[*] Study doctrine . As Seneca said Of all people only those are at leisure who make time for philosophy, only those are really alive. For they not only keep a good watch over their own lifetimes, but they annex every age to theirs.

[*] Stay in the present moment . Forget what came before. Definitely dont get eaten with whats going to happen next. Just focus on whats right here in front of you.

[*] Practice calamity. Seneca advised taking a day a month to practise bad stuffmaybe you dont eat, or you sleep outside or you dont touch certain luxuries. Why? So you can is understood that losing these things is not as bad as we are afraid. Youll be fine with or without them.

[*] Do it because its the right thing. Detach yourself from the outcome : A thank you, a reward, recognition, fame. If its only worthwhile because of those external factors, then it is probably not the right thing.

[*] The best revenge is to not be like that. Marcus Aurelius

[*] Journal. At the very least at the beginning or end of the daypreferably both.( thats what is, a private journal)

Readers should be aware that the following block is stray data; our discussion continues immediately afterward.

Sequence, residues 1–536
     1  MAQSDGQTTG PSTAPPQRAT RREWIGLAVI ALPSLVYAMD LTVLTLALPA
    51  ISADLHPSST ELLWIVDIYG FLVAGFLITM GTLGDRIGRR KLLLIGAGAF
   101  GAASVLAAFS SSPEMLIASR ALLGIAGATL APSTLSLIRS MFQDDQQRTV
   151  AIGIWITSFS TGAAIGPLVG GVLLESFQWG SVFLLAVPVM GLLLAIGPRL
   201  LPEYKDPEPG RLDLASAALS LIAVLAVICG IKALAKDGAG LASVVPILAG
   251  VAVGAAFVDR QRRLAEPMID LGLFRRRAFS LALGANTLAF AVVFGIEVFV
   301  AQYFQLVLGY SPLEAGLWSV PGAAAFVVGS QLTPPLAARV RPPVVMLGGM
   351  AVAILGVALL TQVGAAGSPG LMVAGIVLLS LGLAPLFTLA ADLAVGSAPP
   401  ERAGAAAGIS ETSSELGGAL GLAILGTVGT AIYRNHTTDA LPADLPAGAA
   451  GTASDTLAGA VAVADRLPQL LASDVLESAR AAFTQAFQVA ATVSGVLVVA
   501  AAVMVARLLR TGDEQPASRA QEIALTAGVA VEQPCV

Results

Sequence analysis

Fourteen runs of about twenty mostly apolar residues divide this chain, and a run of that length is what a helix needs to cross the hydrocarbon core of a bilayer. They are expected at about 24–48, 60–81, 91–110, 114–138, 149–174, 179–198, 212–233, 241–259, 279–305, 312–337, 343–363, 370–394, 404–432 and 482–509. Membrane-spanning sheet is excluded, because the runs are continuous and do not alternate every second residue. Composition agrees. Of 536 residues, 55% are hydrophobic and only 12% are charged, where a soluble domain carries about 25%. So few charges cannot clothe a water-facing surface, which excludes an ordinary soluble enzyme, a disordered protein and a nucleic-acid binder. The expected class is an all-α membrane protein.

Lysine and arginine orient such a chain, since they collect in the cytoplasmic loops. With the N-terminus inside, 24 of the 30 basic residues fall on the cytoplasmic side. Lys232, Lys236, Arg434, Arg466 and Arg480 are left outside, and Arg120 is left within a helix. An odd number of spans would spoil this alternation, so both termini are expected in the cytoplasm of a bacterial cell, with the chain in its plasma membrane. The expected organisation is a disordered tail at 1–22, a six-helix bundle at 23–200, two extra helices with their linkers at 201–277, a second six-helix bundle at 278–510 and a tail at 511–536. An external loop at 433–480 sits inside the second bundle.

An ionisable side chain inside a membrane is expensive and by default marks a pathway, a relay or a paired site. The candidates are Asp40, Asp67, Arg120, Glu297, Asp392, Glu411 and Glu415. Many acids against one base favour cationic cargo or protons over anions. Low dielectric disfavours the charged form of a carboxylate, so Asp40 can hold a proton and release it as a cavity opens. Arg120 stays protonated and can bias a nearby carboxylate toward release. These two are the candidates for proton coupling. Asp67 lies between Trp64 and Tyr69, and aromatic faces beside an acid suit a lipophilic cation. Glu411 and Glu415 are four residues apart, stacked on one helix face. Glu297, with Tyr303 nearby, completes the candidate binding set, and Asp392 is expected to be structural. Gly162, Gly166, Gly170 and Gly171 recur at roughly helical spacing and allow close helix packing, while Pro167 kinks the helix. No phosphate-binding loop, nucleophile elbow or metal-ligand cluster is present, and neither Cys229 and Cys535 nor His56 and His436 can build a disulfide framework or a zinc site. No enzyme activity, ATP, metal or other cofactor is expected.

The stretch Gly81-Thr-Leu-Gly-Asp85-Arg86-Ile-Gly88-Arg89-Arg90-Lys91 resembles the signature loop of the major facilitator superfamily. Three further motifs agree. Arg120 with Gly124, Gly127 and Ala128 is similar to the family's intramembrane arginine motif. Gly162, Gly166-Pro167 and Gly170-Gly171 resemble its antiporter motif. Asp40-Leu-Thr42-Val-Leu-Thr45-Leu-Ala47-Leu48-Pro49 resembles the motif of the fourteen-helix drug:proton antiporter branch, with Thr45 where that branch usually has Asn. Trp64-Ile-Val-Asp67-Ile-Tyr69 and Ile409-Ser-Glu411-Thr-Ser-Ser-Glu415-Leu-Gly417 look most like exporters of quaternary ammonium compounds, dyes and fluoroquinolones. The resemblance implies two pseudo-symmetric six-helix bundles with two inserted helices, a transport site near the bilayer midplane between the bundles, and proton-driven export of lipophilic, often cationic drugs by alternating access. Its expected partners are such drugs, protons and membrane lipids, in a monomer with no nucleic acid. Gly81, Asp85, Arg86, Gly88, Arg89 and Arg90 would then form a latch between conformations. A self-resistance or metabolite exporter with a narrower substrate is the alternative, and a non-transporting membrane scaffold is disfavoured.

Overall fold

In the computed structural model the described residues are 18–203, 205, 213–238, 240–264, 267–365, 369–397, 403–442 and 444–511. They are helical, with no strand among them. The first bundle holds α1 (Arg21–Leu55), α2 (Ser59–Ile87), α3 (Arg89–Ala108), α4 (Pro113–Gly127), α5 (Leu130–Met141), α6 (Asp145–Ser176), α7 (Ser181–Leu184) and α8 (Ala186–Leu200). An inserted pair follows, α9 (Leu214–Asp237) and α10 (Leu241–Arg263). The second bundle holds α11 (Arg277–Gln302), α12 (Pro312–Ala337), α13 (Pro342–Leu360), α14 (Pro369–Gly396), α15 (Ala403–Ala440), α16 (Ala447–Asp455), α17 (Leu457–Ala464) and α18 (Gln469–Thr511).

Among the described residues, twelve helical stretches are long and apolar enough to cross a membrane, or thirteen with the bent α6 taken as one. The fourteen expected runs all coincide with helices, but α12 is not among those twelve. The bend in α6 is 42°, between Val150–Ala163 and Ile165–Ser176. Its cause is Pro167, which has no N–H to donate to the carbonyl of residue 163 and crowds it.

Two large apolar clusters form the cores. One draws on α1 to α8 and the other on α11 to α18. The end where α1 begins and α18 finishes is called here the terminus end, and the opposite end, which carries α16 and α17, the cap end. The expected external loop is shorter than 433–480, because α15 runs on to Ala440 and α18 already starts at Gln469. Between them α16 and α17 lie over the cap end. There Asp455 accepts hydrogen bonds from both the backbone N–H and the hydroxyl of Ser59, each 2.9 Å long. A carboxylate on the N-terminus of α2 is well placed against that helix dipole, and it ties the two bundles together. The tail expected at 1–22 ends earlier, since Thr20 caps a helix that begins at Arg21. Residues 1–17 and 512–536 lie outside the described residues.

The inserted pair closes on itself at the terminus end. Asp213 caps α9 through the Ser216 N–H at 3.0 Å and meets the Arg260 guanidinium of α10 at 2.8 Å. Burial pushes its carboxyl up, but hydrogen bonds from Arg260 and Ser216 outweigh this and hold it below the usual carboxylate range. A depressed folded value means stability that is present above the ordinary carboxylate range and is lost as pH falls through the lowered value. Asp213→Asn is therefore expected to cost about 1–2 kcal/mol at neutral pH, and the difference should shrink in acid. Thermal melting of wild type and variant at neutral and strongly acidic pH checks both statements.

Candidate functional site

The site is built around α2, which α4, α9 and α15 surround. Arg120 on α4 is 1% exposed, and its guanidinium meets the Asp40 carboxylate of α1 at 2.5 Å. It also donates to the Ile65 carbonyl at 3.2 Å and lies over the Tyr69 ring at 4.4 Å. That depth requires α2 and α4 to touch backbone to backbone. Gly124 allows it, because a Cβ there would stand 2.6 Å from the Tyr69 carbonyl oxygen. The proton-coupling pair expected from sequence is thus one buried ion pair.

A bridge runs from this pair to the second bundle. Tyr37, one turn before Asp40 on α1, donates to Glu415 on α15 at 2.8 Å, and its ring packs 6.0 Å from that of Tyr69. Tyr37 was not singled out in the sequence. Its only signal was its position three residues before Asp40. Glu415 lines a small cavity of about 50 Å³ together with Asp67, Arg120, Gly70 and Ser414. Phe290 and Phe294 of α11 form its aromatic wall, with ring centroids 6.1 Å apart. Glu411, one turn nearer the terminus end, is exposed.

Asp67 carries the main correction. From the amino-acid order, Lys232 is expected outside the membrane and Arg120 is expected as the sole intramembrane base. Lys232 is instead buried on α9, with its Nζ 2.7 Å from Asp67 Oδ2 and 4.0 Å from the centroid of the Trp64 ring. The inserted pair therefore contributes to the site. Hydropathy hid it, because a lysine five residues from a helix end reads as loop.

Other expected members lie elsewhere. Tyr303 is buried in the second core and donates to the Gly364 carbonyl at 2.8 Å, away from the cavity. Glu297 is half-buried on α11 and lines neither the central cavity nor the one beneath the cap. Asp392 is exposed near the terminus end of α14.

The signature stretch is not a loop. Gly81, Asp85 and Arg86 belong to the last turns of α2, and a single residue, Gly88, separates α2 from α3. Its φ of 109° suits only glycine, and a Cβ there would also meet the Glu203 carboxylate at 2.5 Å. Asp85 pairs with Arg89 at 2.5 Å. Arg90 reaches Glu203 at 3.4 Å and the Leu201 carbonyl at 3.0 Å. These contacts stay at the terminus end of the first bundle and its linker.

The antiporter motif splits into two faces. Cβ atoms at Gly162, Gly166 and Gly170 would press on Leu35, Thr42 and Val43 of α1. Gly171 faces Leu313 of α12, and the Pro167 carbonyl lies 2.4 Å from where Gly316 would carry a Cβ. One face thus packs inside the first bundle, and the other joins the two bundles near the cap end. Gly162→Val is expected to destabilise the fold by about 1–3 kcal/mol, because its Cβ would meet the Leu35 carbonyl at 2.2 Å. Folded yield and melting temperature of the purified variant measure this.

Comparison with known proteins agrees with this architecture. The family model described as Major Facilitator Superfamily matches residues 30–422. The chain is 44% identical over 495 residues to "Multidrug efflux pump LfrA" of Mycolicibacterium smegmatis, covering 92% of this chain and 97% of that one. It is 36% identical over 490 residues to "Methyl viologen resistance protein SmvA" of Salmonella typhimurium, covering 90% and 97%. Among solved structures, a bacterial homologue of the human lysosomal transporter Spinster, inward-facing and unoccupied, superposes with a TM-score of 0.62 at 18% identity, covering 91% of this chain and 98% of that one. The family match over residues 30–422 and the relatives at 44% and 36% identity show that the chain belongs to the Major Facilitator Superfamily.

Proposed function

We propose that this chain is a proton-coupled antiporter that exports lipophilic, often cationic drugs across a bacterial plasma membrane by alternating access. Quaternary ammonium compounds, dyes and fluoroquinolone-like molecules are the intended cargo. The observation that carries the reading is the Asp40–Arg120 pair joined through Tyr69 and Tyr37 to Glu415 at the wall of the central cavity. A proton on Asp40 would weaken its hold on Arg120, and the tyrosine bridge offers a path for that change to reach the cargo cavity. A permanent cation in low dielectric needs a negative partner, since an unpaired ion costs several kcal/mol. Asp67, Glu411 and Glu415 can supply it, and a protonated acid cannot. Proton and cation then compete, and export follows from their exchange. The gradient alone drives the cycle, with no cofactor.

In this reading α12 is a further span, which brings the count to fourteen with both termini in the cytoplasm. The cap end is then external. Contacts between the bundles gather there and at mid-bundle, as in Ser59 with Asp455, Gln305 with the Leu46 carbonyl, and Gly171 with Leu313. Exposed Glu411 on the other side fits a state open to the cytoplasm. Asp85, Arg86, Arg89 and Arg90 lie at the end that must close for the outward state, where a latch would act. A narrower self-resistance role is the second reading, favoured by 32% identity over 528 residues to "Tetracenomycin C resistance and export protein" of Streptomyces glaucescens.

[*] Meditate. Pierre Hadot reminds us that stoic doctrine is a set of spiritual workouts. Not something you learn or hear once and recollect, but something you think of and practise on a regular basis.

[*] The stoics say: Every situation has two handlesone that will hold weight and the other wont. When you try and fail at something, just realize you grabbed the wrong handle.

[*] When you wake up in the morning, tell yourself: The people I deal with today will be meddling, ungrateful, arrogant, dishonest, jealous and surly. Marcus Aurelius

[*] Ask yourself: If other people knew I was doing this, would I be embarrassed or ashamed? If so, its probably not a good thing to be doing( to say nothing of being a poor utilize of your time)

[*] Dont get stuck with dogma. There are plenty of non-stoic philosophers and doctrines worth borrowing from. As Seneca wrote I dont mind quoting a bad author if the line is good.

[*] Eliminate your attachments. Attachments attain you a slave. It sets your fate in the hands of other people or external things. Remember: The first truth: You must choose between your attachment and happiness. You cannot have both. Anthony de Mello

[*] Focus on something bigger than yourself. Try out that oceanic feelingfrom nature, from history from being part of teamthat reminds you that you are not the center of the universe.

[*] Meditate on your mortality. You are going to dieyou know that right? Stop pretending you wontand more importantly, stop feigning that its a horrible scary thing. You wont be around anymore. Thats it! So live while you can.

All of these exercisings will help. But lets say youre too busy. Maybe you dont have room in your life for them. Ok, well then just remember this single one. It is stoicism embodied. Let it guide your life

-Marcus Aurelius